Skip to comments.CNN analysis: Some college athletes play like adults, read like 5th-graders
Posted on 01/08/2014 6:41:06 AM PST by RightGeek
(CNN) -- Early in her career as a learning specialist, Mary Willingham was in her office when a basketball player at the University of North Carolina walked in looking for help with his classwork.
He couldn't read or write.
"And I kind of panicked. What do you do with that?" she said, recalling the meeting.
Willingham's job was to help athletes who weren't quite ready academically for the work required at UNC at Chapel Hill, one of the country's top public universities.
But she was shocked that one couldn't read. And then she found he was not an anomaly.
Soon, she'd meet a student-athlete who couldn't read multisyllabic words. She had to teach him to sound out Wis-con-sin, as kids do in elementary school.
And then another came with this request: "If I could teach him to read well enough so he could read about himself in the news, because that was something really important to him," Willingham said.
Student-athletes who can't read well, but play in the money-making collegiate sports of football and basketball, are not a new phenomenon, and they certainly aren't found only at UNC-Chapel Hill.
A CNN investigation found public universities across the country where many students in the basketball and football programs could read only up to an eighth-grade level. The data obtained through open records requests also showed a staggering achievement gap between college athletes and their peers at the same institution.
(Excerpt) Read more at cnn.com ...
I’m surprised anyone thinks this is news
They’re getting ready for the big leagues where the motto is, “My felon is bigger, better, and meaner than your felon.”
Being illiterate is a problem. Reading like an eighth grader? Not so much.
Yeah, it is pretty disgraceful. What happens when one of these players gets permanently injured? Then they’re a crippled illiterate. Good luck finding work in that situation, even with a worthless college degree.
If they can’t read or write, how do they pass the SAT??? /sarc
This reminded me of the interview with the Florida State Defensive Player of the Game following the BCS Championship. As soon as the guy opened his mouth you realized he was incapable of constructing a sentence in the English language (AKA: Dumb as a Rock). How some of these athletes get in college and maintain any kind of GPA is disgraceful. By the way, while on the subject, the FSU QB (Wilcox) has a lot of talents, but his potential as an NFL QB is questionable because of what is between his ears. Kind of reminds me of the Oakland Raiders 1st Draft Pick years ago of the QB from LSU which was a complete bust.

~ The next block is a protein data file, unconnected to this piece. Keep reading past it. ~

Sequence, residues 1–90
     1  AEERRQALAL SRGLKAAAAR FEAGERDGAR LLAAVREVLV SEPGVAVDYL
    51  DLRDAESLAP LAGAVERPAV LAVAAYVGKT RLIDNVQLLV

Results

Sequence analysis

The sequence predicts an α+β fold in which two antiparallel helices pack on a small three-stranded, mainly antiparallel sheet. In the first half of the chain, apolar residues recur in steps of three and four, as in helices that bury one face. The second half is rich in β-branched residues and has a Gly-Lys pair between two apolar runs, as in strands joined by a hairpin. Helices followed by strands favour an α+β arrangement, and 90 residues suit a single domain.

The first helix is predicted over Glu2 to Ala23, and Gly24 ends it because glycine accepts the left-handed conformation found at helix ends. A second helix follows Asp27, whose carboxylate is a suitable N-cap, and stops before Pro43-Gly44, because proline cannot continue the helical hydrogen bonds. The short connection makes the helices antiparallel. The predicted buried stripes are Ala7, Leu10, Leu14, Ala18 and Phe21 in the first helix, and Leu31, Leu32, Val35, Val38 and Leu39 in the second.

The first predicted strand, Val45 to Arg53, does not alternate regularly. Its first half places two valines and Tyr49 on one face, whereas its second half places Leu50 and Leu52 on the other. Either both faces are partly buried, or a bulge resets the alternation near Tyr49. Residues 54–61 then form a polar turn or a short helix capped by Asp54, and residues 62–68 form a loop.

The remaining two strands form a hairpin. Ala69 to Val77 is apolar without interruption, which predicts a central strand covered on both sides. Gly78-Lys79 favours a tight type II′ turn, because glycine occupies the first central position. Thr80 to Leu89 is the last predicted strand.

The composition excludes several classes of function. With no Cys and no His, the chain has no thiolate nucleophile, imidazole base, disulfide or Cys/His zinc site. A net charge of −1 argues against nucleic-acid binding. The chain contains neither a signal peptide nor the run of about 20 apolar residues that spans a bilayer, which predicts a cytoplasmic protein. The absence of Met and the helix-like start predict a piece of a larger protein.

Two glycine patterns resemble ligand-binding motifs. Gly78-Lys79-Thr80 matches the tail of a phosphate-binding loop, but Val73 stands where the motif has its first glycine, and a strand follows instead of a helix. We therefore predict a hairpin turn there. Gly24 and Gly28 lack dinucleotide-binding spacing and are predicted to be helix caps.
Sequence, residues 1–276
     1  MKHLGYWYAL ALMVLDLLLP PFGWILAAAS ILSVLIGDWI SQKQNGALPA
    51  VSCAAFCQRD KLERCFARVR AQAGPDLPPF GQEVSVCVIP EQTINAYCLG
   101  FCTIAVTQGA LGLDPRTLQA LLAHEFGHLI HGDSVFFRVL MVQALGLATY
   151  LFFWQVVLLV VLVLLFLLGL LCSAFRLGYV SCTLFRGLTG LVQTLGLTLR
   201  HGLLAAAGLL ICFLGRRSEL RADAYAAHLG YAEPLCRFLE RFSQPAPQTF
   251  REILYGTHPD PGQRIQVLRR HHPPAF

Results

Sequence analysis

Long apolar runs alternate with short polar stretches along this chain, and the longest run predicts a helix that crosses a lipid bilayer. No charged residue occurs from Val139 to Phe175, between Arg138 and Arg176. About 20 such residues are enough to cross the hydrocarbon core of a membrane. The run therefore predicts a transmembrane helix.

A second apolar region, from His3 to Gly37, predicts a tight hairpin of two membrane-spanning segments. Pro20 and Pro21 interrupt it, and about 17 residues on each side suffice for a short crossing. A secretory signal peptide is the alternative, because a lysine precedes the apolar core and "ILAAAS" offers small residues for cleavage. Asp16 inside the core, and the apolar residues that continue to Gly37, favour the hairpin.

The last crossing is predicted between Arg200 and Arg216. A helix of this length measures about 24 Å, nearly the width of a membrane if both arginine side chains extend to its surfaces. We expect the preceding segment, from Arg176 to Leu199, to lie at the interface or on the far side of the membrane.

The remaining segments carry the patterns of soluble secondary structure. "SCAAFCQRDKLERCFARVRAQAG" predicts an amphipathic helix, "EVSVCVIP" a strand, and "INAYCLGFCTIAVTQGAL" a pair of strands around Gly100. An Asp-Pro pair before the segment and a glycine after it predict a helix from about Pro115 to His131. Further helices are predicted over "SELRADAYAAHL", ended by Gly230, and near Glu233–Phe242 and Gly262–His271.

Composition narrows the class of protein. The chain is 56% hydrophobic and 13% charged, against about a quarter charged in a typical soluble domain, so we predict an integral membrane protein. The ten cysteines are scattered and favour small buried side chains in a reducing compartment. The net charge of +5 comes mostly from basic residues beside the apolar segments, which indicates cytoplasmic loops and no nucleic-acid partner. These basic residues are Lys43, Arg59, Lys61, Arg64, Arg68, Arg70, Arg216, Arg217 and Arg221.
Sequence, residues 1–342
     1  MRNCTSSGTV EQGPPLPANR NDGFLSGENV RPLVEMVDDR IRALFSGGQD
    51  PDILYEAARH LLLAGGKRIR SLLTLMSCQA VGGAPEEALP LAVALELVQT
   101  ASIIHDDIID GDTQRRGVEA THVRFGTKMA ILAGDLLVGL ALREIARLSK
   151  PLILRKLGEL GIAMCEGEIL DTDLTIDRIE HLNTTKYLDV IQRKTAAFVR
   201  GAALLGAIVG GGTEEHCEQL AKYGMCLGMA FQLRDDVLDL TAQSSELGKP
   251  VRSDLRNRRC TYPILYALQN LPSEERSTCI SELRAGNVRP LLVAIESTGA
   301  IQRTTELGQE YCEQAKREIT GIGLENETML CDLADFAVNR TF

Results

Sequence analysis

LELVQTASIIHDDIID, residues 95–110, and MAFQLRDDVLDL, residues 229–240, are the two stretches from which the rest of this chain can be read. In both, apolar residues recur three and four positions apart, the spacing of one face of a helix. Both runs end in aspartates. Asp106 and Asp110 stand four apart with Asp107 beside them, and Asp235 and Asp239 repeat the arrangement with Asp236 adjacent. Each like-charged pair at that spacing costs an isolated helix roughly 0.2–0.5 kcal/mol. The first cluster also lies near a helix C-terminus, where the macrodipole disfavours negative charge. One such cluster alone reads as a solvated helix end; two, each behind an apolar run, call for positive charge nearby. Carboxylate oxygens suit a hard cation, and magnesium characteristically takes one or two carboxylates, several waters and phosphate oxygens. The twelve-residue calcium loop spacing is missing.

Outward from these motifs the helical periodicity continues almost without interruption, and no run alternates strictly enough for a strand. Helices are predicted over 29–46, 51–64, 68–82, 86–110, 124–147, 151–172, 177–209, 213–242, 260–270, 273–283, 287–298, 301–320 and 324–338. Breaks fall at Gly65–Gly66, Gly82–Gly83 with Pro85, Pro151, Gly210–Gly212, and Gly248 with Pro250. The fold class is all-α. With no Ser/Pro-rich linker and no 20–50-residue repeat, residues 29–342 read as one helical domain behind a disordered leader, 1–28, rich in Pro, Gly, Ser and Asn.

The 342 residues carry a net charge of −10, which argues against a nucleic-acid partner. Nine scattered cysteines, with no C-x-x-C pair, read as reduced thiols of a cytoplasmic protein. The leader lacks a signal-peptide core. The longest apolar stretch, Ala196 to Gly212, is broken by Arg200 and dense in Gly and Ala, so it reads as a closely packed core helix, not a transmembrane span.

“Reading on a fifth to eighth grade level is an adult level of reading. It’s enough to read a newspaper. It’s enough to read furniture assembly instructions. It’s more than enough to become a gym teacher or coach your respective sport. Heck, it’s enough to teach fifth grade.”
How can it be enough to teach fifth grade? It’s not enough to get into college, let alone graduate with a degree! If that level of reading was enough, we could let sixth graders teach the fifth graders and dispense with the teachers.
True, but none of these types of people should be in college, for ant reason.
that’s a fair point. The article elides the difference between the two, citing specific examples of illiterates, but then giving the broader statistical context of just basically being not very smart, which you’re right, is no crime.
Although does beg the question of what they are doing occupying a seat at a university, but ok.
It’s not news, just sad. I work hard every single day, with kids in Special Education, to teach them to read. We have made great strides and I see no excuse for not helping these kids when they are in elementary school. I’m in CA for goodness sakes. Aren’t we the lowest in test scores?
I meant to type “for any reason.”
The kid can run and throw the ball.
That’s all the colleges care about.
It used to be that bright kids would go to college and compete with other bright kids. Now there is no place for a bright kid to go. In college, he would be surrounded by grade school level competition. There is no challenge to inspire effort.
Don’t expect more than a few of our potentially bright kids to excel when morons get the same rewards.
Kadence Otto, who once taught at Florida State University, recalled one situation where an academic support tutor would call every week to check up on a starting player.
"I would say, 'He's not doing well. He can't read and write.' And (the tutor) said, 'Well, we'll see what we can do,'" Otto said. That stopped with a career-ending injury. "He's worth nothing to the team, and I never once heard back from the academic support adviser. He never showed up to class again, either."
One of the "solutions" was to give these men a chit for four-year's worth of college education. I never did hear how successful it was.
It's all about money, as you know, and those lucrative T.V. deals.
My question was always, "Where were/are the parents and family of those young men?"
Or was it strictly an attempted hatchet job like the one SI tried against Oklahoma State back in the summer?
Or was it something in between, you know, like water is wet and the sun rises in the east?
(And why do they run with it now, two days after the national championship football game? )
Alright. Fourth grade teachers. And yes, I suspect there are elementary school teachers who don't read much past a fifth grade level, let alone an eighth grade one.
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